While everyday in Madrid was a different adventure, I developed a routine that I followed most of the days during the week. Here’s an insight to a typical day for me studying abroad at Nebrija University.
6:45 AM. Yeah. That was the time my alarm usually went off in the mornings. I’d wake up and get ready for the day in my little dorm room at the Chamberi residence hall at Nebrija.
After that I’d walk down the hall to the dining room, where breakfast was provided for residents every morning. I always grabbed a couple mini croissants, yogurt with granola, a glass of orange juice, and a cup of coffee. One by one my friends would pour in all ready for the day and we’d sit at one of the tables, recounting the past day’s events.
By 7:40 AM we were out of the building on our way to class. It was a 20 minute walk from the dorm to our academic building, which was a great way to start my day. The neighborhood we lived in had beautiful buildings and fountains all along the path, so having a pretty sight on my daily walk put me in such a good mood.
I’d usually get to class a few minutes after 8 AM, which was when my first class for the day started. From 8-12pm we had 4 classes straight through with 10 minute breaks in between each class. My first two classes were taught by our professor Carlos and my second two were taught by Sandra (we did stay on a first name basis with our instructors the whole time, I was so confused when I actually learned their last names on the last day of classes). Us students stayed in the same classroom while our professors were the ones who moved classrooms.
At 12 when classes let out, I’d meet up with my friends Emily and Abby. We’d figure out what we wanted for lunch, though most days we craved Tierra Burrito (it’s basically the Spanish version of Chipotle). We ate lunch and talked about classes for the day, then made our way back to our dorm.
An important part of the Spanish culture is siesta time, where most of the country takes a nap in the middle of the day. This was every adult in America’s dream, so of course I had to follow the rules of the land. I’d take a nap for a couple of hours, and when I woke up I’d watch some Vanderpump Rules on a streaming service called Hayu, a European platform that has different reality TV shows from different networks.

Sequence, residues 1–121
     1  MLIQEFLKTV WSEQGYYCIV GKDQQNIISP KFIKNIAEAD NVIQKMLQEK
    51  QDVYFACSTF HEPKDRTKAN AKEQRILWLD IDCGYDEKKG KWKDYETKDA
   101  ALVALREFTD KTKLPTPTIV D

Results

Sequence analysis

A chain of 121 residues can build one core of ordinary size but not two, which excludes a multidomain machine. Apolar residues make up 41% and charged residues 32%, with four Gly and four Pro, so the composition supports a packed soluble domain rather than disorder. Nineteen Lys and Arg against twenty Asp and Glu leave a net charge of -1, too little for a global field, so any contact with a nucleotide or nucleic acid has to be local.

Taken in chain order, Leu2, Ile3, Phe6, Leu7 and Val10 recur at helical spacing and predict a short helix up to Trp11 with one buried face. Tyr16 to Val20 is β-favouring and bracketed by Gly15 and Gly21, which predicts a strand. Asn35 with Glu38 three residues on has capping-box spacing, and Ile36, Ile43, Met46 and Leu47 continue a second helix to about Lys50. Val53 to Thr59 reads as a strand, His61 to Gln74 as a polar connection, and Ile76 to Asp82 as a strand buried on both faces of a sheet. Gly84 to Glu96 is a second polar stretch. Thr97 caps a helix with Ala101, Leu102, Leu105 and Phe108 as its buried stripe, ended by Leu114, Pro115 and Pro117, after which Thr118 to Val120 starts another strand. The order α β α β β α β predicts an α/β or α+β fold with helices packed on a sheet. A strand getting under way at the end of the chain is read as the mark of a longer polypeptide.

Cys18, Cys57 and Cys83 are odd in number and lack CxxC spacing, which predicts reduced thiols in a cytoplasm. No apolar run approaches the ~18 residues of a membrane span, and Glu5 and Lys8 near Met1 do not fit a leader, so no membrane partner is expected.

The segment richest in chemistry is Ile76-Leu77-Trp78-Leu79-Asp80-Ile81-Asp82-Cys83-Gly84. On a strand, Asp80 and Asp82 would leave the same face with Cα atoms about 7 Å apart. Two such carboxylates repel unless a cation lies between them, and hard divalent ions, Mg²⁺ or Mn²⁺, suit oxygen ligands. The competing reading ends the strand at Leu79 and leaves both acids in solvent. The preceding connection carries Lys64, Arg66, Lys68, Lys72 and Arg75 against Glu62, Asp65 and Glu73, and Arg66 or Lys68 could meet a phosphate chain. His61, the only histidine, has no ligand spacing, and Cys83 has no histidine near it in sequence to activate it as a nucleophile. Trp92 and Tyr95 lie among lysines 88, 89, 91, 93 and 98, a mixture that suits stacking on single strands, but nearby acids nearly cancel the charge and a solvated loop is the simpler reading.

After relaxing I’d go out onto the rooftop lounge area to do homework for Nebrija and Drexel, waiting for my friends to wake up. After my girls were up, we’d get ready to explore the city. European fashion was on a different level than what I was used to– there was hardly anyone wearing athleisure wear out in public. Women usually wore skirts and dresses out, so anyone not up to the street dress code was sure to stand out. Any time we walked around we had to make sure we tried to look like a local, though it was usually pretty obvious we were not from there, even when we wore clothes from Spanish boutiques.
I loved going to Fuencarral and Gran Via to explore the shops and try out restaurants along the busy streets, so that was something we did a lot. After browsing different stores, we’d get dinner usually around 9 or 10 (that was even early for Spanish standards, most locals at dinner around 11 at night, their schedules were crazy). We went to an Italian restaurant called Villa Capri the most– the restaurant had an amazing aesthetic with fluffy crusted pizza, it was always a great experience there. After that, we’d go back to our dorm and get ready for bed, excited for the next day.
A typical day in Madrid for me was pretty laid back and simple, it was the weekends and small trips that I took that really made the experience out of this world. For the average days, I took time to relax since my body was not prepared for all the walking we did each day (compared to Philly, on average, I took two times more steps each day in Madrid, which did take a toll on my knees. Wow I’m getting old…) so taking time to care for myself was important. I don’t regret not doing something crazy every day I was there, since I wasn’t on a vacation, I was living there. And when you’re situated somewhere for an extended period of time you need quiet days where you don’t get so overwhelmed staying away from home for so long. The simple days were some of my favorites abroad, and this was an average, simple day for me.